Faculty Focus

University Distinguished Professor Bridget Crawford

Professor Bridget Crawford has been a professor at Haub Law since 2003 and was named a University Distinguished Professor in 2021, which is the highest honor the University can bestow upon a faculty member. Prior to joining the Haub Law faculty, she was a practicing attorney at Milbank LLP, where she specialized in taxation and estate planning. At Haub Law, Professor Crawford teaches Federal Income Taxation; Estate and Gift Taxation; Wills, Trusts and Estates; Tax Policy; Corporations & Partnerships; and Feminist Legal Theory. Professor Crawford is a leading authority on taxation, as well as feminist legal theory, and menstrual equity. A favorite in the classroom, she has also been honored multiple times by graduating students at Haub Law as Outstanding Professor of the Year, as well as recognized by her colleagues with Haub Law’s Faculty Award for Excellence in Teaching. Learn more about Professor Crawford in this Q&A.

How did you become interested in tax?

My grandmother was the first tax professional I ever met. Although she never went to college or law school, Gram taught herself the tax law and went to work for H&R Block. She lived in a rural community in southeastern Ohio, in the foothills of the Appalachian Mountains. Gram took great pride in helping her neighbors comply with their obligations under the complicated self-reporting system that we have in the U.S.

What is your favorite tax concept or case?

If I ever got a tattoo, it definitely would be a quote from Welch v. Helvering, 290 U.S. 111 (1933). That is the case that established the test for when a business expense is “ordinary and necessary.” Justice Cardozo said that when no ready test or statute is available, “[l]ife in all its fullness must supply an answer to the riddle” that is the tax law.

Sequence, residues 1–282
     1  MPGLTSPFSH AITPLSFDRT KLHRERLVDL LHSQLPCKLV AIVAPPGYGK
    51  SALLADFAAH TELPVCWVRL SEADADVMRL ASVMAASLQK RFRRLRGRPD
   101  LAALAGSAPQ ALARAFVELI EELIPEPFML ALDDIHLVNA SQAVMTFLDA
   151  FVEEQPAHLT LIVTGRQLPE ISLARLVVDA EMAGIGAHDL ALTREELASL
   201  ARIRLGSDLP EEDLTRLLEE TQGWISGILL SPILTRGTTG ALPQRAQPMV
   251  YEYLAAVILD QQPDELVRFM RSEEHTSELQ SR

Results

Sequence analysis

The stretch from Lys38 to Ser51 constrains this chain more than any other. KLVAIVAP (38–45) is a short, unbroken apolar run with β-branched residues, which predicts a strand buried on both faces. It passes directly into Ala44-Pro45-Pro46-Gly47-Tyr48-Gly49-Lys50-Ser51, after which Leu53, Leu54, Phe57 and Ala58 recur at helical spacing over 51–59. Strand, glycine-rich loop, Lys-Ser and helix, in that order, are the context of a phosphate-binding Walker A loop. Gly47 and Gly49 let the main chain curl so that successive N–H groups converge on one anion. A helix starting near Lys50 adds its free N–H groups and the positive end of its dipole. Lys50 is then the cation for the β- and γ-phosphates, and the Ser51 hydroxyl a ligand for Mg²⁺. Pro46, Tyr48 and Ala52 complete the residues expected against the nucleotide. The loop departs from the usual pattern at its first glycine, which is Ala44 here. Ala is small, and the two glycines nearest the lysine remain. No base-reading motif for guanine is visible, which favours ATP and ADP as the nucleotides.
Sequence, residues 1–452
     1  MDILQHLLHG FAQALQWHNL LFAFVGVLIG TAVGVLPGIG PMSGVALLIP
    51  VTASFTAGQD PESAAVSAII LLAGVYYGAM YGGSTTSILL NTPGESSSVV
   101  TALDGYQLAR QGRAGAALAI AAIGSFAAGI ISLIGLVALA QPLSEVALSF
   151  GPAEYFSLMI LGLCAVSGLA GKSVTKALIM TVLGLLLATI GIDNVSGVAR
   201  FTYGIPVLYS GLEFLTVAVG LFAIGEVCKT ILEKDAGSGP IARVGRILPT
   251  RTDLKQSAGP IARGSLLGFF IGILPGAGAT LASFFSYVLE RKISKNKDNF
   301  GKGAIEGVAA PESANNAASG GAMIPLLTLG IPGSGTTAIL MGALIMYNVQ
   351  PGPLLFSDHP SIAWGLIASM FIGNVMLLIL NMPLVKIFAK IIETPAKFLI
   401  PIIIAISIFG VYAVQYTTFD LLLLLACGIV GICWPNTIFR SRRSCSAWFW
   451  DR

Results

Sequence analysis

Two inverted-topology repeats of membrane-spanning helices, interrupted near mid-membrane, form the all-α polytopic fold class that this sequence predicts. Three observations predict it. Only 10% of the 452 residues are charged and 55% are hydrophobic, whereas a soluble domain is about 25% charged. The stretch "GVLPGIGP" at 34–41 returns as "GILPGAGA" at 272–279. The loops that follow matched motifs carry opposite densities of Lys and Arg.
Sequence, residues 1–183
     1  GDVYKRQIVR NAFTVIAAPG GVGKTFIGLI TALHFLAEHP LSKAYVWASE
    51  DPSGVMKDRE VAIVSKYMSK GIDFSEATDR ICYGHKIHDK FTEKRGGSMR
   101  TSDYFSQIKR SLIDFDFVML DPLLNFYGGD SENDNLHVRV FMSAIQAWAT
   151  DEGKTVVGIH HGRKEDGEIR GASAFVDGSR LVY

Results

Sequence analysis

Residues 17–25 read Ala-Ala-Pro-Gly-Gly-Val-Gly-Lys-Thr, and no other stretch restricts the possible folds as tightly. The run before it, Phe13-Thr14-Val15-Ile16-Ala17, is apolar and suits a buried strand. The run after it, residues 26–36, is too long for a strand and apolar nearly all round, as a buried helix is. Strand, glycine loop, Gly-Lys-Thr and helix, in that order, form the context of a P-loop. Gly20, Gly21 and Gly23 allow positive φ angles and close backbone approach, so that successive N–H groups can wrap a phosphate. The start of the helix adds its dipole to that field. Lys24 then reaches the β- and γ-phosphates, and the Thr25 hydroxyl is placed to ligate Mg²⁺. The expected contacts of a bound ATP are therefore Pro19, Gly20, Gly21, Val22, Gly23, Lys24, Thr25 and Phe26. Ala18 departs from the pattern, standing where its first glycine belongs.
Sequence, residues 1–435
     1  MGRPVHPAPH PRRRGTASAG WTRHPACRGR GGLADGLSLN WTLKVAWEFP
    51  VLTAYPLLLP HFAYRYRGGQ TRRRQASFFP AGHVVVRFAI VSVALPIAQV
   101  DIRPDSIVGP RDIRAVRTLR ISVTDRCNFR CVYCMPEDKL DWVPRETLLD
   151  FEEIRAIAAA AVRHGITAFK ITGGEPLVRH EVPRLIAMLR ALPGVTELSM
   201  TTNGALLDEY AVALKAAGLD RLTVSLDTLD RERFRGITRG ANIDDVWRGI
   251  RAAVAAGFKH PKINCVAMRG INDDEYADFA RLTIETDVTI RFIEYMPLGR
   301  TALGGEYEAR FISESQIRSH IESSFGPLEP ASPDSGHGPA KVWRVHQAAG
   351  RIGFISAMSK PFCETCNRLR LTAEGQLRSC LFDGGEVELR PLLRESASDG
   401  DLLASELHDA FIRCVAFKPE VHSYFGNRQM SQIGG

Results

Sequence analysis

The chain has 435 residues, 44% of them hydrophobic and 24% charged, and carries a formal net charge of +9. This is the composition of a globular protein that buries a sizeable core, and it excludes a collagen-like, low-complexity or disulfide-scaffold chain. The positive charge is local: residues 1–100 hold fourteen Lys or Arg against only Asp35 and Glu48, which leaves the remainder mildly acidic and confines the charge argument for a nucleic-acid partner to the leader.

What do you find most enjoyable about being a professor?

I love helping students understand the complexities of the law, develop critical thinking skills, and become more confident in their abilities. In Federal Income Tax class, students may start out intimidated by the statute and regulations, but by the end of the semester, they know exactly how to work with the most complex rules. The tax code yields its secrets with careful study and time spent! As a law professor, I have the opportunity every day to help guide students from diverse backgrounds and perspectives as they develop into the professionals they want to become. I have great confidence in the future of the legal profession and our students are going to be leading the way.

Every year, you host a “Tax Alumni Come Back to the Classroom” event – where you invite former students to come speak to your current tax class. What benefit do you feel experiences like this have for both the students and alumni? 

The purpose of this program is to connect current law students with alumni and inspire students to think about their future careers. In law school, we hear all the time about the value of “networking,” but sometimes it is hard to know how to go about it. This program aims to make it easier by providing a day dedicated to networking. Students also do readings to encourage self-reflection on how they are using their time in law school and what various career paths are available. The alumni are willing to offer guidance and support to students as they navigate law school and the legal profession. They are also happy to share their contacts and help in any way they can.

You recently published a book with Professor Emily Waldman called Menstruation Matters: Challenging the Law’s Silence on Periods. What inspires a tax professor to write a book about menstruation?